Making 1957 Oldsmobile 88 Steering Column replacement Grommet



A friend gave me a 1957 Olds 88 a couple of years ago. Little did I know how hard it is to find some parts. With the advent of 3D printing, it is getting easier to make some parts. I have made Radio faceplace and knobs, Windshield Washer jar hole cover, and Windshield Washer F connector.

The car has a lot of rubber parts that have dried and crumbled. Steele Rubber Products make many parts. On all of my 1957's the steering column grommet/gasket that goes against the firewall is either deteriorated or missing. On two cars, only the metal plate remains.

Creating a CAD Model

I removed the best grommet I had and hot glued the pieces back together. I used a 3D scanner to create polygonal models of the grommet and the steering column.

Using calipers and trying to understand the design intent, I created a CAD model. I would be nice to have a mint condition grommet to check it against, but I don't have one. I called Clay Tober (57 Olds expert at the OCA) and his grommets are ratty too.

3D Printing the Part

3D printers can now print flexible materials. I prototyped printed the grommet to see if it would fit and be flexible enough to insert inside the metal plate. It is a lot of work taking the steering column out and apart. I tried cutting the grommet at the bottom. This allows you to slip it thru the metal plate while it is still on the steering column.

Casting the Part

3D printing is currently too expensive to manufacture rubber parts in volume. The next step is to create a 4 part hard mold and to mold parts with a 60 shore A polyurethane elastomer.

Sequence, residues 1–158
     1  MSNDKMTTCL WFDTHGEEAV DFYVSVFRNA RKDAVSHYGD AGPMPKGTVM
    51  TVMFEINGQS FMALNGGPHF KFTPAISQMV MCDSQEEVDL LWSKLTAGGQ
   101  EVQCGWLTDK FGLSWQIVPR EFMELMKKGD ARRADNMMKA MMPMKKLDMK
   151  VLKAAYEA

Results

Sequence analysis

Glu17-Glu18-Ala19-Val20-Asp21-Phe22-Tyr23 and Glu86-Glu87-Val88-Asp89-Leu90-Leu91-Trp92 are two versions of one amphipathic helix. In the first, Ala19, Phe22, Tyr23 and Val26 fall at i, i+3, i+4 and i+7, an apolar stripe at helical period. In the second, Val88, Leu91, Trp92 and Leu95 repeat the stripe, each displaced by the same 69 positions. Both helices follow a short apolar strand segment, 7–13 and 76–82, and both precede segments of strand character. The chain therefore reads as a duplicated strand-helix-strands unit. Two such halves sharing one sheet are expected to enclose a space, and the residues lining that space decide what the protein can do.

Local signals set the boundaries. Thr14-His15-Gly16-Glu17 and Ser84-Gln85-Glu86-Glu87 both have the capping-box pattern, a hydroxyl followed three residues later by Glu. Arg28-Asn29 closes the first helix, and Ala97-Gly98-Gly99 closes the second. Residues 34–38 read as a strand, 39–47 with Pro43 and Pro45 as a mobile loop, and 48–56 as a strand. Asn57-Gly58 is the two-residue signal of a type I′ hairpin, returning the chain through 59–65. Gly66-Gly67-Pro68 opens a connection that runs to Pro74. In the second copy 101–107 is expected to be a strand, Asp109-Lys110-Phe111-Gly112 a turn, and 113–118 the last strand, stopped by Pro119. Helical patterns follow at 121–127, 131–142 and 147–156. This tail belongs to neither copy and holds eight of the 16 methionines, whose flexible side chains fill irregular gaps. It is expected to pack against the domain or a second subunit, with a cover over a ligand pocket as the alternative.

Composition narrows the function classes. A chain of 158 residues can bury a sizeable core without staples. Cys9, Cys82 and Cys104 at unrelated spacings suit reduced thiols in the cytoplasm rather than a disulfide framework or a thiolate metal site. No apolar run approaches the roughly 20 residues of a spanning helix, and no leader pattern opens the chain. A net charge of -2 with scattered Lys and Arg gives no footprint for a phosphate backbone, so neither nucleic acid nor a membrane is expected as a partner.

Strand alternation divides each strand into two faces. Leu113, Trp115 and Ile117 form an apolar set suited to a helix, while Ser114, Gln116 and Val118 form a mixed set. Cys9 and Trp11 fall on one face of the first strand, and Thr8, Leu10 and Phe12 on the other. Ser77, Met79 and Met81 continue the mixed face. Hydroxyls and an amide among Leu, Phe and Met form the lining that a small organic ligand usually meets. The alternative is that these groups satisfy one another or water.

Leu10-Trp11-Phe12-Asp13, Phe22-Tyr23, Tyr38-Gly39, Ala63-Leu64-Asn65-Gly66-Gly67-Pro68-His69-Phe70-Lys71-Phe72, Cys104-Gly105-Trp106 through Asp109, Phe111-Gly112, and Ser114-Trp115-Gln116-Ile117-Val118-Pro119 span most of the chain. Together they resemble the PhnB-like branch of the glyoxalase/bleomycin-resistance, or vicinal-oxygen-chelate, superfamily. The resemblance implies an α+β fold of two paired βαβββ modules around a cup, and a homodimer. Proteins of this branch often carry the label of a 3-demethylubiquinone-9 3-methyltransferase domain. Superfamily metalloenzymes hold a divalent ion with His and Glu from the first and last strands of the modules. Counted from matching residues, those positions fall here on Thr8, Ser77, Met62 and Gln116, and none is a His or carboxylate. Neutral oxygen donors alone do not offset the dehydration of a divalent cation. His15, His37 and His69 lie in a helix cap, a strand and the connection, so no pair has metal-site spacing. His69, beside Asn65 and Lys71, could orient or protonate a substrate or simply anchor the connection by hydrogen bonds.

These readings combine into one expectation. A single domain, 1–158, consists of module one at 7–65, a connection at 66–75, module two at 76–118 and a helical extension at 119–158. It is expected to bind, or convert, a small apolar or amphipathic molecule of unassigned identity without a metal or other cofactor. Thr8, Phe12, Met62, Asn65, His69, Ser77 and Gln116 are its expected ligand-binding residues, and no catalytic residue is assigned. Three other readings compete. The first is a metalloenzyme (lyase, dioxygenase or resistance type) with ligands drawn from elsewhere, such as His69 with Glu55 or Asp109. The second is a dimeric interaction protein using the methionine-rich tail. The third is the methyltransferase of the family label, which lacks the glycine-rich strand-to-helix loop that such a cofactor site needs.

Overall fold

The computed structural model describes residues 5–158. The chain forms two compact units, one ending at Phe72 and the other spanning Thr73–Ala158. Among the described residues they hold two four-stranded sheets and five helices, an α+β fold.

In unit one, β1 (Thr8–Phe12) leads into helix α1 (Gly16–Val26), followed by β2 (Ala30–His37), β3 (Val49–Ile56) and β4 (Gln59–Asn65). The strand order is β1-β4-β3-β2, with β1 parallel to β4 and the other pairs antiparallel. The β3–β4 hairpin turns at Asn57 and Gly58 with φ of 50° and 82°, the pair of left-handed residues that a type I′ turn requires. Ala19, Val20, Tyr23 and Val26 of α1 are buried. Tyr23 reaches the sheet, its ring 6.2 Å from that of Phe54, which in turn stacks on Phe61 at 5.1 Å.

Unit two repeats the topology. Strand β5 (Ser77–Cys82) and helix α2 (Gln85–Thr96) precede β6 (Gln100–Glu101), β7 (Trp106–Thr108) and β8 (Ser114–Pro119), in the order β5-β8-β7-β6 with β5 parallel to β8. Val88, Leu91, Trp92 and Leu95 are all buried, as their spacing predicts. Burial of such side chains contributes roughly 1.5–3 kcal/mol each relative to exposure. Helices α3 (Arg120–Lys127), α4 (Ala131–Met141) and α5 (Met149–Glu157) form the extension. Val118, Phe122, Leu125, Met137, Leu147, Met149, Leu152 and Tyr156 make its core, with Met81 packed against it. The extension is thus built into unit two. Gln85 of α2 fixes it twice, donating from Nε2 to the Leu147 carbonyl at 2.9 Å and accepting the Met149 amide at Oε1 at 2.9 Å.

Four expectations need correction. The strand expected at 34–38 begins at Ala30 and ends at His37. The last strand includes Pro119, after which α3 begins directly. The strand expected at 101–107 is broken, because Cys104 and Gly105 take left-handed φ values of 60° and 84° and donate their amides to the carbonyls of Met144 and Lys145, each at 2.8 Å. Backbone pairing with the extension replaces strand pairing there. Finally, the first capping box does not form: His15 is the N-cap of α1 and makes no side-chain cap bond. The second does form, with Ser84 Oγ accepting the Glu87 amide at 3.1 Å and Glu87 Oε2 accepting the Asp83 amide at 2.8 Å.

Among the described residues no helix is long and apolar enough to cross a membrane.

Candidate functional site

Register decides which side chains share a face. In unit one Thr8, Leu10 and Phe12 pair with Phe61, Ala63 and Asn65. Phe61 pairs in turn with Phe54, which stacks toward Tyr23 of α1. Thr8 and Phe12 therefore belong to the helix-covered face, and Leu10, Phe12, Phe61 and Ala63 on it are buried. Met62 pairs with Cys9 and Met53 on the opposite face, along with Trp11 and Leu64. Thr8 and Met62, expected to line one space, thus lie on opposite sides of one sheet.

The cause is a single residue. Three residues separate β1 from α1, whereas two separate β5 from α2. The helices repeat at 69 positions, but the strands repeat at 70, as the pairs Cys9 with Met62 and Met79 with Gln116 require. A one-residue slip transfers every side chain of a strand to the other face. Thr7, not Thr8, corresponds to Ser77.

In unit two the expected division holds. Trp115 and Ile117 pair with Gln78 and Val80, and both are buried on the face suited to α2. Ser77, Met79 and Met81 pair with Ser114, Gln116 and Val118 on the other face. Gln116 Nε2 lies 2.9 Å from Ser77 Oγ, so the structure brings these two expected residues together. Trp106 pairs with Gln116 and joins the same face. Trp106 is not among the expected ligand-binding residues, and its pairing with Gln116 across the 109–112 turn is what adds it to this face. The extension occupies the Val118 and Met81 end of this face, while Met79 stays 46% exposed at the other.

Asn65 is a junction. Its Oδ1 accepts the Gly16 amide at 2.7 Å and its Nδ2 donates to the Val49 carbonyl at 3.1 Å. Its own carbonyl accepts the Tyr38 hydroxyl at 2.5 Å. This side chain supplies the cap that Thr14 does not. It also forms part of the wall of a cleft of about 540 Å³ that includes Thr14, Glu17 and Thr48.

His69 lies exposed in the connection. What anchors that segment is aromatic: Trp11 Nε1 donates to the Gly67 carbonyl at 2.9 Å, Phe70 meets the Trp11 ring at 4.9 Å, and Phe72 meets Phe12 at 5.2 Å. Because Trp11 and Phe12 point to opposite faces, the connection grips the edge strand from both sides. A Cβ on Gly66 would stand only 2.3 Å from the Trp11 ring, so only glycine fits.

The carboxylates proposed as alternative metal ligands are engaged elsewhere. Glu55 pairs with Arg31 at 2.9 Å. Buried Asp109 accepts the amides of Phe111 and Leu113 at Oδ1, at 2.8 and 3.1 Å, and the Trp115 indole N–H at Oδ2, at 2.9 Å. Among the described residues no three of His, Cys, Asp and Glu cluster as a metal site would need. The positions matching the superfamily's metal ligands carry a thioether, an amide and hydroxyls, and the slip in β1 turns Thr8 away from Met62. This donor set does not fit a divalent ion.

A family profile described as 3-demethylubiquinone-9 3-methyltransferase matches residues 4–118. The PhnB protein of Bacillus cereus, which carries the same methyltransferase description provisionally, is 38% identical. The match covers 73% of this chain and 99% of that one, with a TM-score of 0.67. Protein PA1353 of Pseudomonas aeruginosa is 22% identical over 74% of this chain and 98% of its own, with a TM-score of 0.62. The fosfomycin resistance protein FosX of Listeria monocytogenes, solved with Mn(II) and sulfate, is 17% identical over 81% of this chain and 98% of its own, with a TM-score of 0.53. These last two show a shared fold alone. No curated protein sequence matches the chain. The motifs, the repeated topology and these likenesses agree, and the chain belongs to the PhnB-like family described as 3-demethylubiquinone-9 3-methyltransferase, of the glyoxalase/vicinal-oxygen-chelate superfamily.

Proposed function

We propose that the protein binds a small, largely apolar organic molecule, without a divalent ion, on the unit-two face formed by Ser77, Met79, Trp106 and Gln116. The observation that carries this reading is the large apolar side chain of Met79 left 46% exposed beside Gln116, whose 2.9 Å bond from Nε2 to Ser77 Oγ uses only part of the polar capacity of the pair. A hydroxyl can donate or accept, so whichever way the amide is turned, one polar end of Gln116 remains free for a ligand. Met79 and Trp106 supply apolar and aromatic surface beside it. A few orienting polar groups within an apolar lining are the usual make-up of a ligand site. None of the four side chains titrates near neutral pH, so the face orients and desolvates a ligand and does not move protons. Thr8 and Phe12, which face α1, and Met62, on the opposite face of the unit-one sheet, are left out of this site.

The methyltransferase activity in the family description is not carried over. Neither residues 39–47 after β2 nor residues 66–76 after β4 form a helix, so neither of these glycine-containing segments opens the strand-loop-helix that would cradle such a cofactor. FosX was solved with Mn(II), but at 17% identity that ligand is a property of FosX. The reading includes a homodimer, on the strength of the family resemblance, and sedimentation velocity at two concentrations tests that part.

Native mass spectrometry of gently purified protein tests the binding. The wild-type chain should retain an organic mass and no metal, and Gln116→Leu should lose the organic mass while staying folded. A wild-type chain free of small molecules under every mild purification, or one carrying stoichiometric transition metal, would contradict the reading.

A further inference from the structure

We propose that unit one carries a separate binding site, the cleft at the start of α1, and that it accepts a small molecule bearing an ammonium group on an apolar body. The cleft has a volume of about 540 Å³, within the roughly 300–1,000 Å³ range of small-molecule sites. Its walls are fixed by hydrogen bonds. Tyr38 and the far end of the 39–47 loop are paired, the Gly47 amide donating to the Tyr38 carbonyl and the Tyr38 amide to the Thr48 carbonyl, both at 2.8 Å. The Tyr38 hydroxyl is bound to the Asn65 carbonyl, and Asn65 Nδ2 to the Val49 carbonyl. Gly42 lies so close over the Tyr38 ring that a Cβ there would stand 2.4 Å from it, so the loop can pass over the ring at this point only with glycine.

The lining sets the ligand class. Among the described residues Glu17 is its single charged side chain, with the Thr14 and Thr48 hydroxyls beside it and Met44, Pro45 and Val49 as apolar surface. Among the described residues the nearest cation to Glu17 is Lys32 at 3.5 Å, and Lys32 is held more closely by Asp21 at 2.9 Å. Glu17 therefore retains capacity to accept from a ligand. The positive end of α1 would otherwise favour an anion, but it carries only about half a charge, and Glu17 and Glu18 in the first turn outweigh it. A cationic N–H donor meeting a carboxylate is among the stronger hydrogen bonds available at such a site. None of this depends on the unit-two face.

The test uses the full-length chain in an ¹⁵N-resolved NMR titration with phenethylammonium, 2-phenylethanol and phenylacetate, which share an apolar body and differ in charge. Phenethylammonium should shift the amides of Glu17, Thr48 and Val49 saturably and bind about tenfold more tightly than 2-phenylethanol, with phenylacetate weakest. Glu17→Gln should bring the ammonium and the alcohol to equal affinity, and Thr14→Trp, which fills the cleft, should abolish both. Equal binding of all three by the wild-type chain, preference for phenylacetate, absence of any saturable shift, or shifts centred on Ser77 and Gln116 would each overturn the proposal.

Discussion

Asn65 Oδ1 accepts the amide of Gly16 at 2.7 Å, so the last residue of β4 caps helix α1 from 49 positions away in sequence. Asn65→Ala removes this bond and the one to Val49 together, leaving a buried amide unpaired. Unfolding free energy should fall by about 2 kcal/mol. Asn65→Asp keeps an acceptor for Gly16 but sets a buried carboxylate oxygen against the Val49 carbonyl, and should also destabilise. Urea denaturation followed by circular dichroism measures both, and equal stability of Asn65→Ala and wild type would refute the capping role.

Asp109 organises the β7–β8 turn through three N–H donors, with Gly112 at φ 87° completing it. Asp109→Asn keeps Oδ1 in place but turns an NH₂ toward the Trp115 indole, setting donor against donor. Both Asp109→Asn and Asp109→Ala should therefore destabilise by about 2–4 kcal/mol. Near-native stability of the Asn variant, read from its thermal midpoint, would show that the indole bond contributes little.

CAD Model of Mold

3D Printed Mold Pieces

I printed the mold out of hard transparent material so I could see that the mold is filled correctly.

Spraying Release Agent and assembling Mold

I sprayed the four pieces of the mold with Stoner Urethane Mold Release. I then assembled and bolted the mold together.

Preparing Polyurethane

M-3160 A/B is a two part system with an easy 1:1 ratio. I estimated the amount of material I would need and marked two plastic glasses. After filling the cups to the mark, I added a small about of black pigment to the B cup. I slowly mixed the pigment in trying to avoid making air bubbles. I then pour the B component into the A component and slowly mixed. I filled two BD 60mL syringes to inject the material into the mold and to act as a shrinkage reservoir.

Injecting the Mold

The two syringes were inserted into the mold fill holes. The material was slowly injected until it emerged from the two air bleed holes. I left extra material in the syringes to apply pressure to keep the mold full.

Releasing the Mold

After waiting 6 hours, the mold was unbolted and carefully pulled apart. The fill leds and the air vent excess material was cut off. The instructions say the part can then be cure for 1-3 hours at 77F and then 16 hours at 160F to obtain the full physical properties.

Installing the Grommet with the Steering Column Installed

If you don't want to remove the steering column and disassemble it in order to install' a new grommet, you can cut the gasket to install it.
  1. Remove the Brake Petal
  2. Remove Brake Petal Plate
  3. Remove the old grommet being carefully not to break the firewall insulation pad
  4. Slide the cut grommet thru the metal plate. Make sure the back of the grommet goes under the firewall installation pad
  5. Install the brake petal plate between the metal plate and the top rubber of the grommet
  6. Use RTV to glue the cut in grommet
  7. Clamp the grommet while the glue dries